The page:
The revenue generated through tourism is spent on the local development of Phuket. In this way, Phuket enjoys much of its development expense on its own. The specialized equipment which includes inflatable canoes are imported from USA, rest of the cost is incurred locally which makes it around 98% of the total cost. The total revenue is distributed among very few heads of workers' wage and shared with the owners of escort boats. The total earning is around two million baht equivalent to USD 46,500 out of which USD 15,500 are given away as workers' wages. There are two freelance and three contracted escort boats whose owners get collectively around three to four thousand baht. The entrepreneurs for tourism in Phuket accept the fact that they charge higher than many other tourism firms serving in Thailand. They quote high wage rates and costs as the reason for higher charges (Kontogeorgopoulos, 2004). A daytrip in Phuket is charged around USD70 to USD90.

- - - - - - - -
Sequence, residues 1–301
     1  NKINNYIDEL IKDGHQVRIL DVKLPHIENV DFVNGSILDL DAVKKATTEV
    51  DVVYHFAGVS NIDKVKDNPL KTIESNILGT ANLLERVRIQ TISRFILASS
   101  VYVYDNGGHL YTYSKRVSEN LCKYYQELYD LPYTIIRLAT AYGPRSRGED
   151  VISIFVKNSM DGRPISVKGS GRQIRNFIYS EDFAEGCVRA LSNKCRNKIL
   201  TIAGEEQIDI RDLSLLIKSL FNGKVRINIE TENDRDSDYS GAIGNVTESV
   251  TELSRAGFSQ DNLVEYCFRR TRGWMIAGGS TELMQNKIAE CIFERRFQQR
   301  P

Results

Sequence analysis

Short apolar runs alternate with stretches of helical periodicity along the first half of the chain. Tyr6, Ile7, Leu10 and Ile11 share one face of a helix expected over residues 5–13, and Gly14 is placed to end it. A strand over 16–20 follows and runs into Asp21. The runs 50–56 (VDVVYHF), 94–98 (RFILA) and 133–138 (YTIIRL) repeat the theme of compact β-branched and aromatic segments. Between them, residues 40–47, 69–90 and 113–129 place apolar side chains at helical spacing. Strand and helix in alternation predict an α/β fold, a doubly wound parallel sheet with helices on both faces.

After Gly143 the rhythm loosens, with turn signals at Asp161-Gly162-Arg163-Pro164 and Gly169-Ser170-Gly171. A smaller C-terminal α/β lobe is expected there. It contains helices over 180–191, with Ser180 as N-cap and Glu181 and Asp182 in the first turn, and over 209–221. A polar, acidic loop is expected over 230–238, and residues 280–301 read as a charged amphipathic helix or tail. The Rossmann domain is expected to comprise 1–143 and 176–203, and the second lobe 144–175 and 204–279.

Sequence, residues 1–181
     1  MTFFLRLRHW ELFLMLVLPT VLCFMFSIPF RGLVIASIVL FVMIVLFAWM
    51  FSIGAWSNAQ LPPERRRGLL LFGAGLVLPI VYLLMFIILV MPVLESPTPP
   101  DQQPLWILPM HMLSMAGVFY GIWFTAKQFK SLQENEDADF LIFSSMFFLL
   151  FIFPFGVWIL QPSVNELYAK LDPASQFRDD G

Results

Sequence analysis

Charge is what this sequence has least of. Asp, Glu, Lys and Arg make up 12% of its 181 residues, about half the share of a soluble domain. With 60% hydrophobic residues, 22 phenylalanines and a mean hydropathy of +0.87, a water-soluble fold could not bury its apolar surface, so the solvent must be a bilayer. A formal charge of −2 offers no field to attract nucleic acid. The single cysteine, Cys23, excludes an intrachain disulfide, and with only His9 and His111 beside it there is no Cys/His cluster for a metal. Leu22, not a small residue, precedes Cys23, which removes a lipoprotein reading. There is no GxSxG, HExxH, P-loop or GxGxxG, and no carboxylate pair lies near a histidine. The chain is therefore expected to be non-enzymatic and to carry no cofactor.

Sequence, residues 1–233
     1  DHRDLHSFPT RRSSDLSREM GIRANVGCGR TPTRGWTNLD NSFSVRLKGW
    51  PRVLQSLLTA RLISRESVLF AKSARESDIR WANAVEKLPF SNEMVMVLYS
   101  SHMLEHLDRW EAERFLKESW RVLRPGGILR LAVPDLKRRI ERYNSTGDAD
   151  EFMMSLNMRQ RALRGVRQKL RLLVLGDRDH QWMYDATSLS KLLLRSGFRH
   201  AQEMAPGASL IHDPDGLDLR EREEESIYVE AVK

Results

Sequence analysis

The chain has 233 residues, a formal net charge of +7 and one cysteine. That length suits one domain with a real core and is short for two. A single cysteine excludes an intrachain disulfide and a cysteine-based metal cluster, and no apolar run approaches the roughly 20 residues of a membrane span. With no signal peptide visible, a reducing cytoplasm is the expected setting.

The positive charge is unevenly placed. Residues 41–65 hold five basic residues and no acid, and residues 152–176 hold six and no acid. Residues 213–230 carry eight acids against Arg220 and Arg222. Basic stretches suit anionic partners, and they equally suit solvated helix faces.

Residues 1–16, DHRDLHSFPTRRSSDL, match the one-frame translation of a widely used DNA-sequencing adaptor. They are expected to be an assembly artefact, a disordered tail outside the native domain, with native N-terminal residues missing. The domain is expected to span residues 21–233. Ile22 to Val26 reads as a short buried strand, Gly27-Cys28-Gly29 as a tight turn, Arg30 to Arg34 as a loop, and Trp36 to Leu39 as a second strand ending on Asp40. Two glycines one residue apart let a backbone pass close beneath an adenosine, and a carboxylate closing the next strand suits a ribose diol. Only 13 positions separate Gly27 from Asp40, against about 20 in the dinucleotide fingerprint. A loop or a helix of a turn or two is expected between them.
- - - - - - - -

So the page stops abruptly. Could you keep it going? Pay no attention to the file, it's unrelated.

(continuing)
Furthermore, Siam Safari and Sea Canoe enjoy the portion of eminence because of natural beauty which is the most cited component found in the definitions of ecotourism. There are certain characteristics which distinguish Siam Safari and Sea Canoe from many other tourism companies. The other companies are labeled as mass while ecotourism enjoy its spatial nature which is the point of special attention (Kontogeorgopoulos, 2004).